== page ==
The Motley Fool Discussion Boards
Investing/Strategies / Retirement Investing
|Subject: Re: Roth IRA Contributions and AGI Too High||Date: 1/21/2001 5:55 PM|
|Author: TMFExRO||Number: 27370 of 76418|
I am going to make my 2001 contributions to my Roth IRA now as I have the money. However, I am curious as to what would happen if I were to exceed the AGI limit for 2001. I don't expect this to happen but nothing is impossible. Would I be able to "unwind the contribution and any earnings" as a result of that contrtibution?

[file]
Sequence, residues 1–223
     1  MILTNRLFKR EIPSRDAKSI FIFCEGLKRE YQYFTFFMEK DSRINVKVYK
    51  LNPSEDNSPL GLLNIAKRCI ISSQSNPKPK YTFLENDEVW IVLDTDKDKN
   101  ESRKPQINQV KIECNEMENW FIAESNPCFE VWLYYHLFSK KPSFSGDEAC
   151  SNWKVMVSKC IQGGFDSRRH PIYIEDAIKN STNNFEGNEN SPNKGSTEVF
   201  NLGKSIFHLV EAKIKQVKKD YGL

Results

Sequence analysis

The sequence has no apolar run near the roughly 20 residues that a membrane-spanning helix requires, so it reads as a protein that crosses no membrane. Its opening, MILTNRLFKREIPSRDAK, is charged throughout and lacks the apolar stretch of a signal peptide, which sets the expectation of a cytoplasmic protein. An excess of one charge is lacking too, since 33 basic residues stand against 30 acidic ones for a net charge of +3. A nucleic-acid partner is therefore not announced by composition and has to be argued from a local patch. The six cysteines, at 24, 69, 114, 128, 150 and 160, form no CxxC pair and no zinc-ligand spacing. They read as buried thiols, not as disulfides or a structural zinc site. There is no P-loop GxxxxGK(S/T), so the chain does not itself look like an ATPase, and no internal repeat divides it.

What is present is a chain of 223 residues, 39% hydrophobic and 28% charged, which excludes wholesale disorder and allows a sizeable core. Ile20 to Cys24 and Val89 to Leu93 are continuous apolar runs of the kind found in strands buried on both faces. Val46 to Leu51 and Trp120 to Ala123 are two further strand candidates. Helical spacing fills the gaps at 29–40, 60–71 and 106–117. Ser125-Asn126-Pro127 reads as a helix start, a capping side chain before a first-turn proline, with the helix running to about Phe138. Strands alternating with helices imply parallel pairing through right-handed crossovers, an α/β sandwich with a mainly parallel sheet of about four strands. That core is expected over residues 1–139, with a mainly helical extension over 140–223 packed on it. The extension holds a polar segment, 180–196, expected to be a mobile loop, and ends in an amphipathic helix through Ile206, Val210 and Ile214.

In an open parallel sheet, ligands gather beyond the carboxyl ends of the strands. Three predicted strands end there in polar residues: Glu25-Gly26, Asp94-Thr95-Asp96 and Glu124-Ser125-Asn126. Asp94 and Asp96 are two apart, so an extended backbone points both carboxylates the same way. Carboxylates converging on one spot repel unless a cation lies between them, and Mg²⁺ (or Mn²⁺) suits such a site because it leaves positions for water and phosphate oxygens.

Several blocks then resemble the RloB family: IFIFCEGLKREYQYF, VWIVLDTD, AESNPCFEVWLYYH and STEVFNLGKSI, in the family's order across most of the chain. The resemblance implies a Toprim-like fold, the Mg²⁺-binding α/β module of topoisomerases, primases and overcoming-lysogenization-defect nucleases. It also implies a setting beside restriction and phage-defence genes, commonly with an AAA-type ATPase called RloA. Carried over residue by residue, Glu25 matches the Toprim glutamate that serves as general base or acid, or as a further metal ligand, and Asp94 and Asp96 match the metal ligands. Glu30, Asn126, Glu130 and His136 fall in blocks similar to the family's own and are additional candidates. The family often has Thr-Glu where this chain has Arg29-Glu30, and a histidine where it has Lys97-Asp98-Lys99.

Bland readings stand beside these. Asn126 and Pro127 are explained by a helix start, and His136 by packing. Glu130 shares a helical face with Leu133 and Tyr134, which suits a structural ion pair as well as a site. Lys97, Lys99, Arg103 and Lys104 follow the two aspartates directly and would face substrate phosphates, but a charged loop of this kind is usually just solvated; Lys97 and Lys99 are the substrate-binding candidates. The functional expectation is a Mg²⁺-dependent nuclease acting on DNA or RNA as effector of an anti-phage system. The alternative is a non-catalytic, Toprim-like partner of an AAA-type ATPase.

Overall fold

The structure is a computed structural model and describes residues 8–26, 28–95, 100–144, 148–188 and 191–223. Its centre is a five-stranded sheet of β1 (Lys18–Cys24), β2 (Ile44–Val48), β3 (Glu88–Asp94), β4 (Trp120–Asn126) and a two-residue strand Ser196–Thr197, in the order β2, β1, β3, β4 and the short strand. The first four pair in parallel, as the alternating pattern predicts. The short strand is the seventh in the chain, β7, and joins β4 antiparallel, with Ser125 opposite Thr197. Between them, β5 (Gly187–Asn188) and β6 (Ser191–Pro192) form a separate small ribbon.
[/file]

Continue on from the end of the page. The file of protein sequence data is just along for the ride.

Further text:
Yes. You have various options if that happens, and you'll have plenty of time in 2002 to take them.
Is this the same for my child's education IRA contributions?
No, it's not. Unlike "real" IRAs, you can't change anything about an Ed IRA after December 31. However, there's a great loophole for you to take advantage of. The contributor to an Ed IRA doesn't have to have any income. Give the beneficiary the money and have him make the contribution, assuming it's a child with little or no income. That way you won't run into a problem with too much income to contribute and no time to do anything about it.
|Copyright 1996-2014 trademark and the "Fool" logo is a trademark of The Motley Fool, Inc. Contact Us|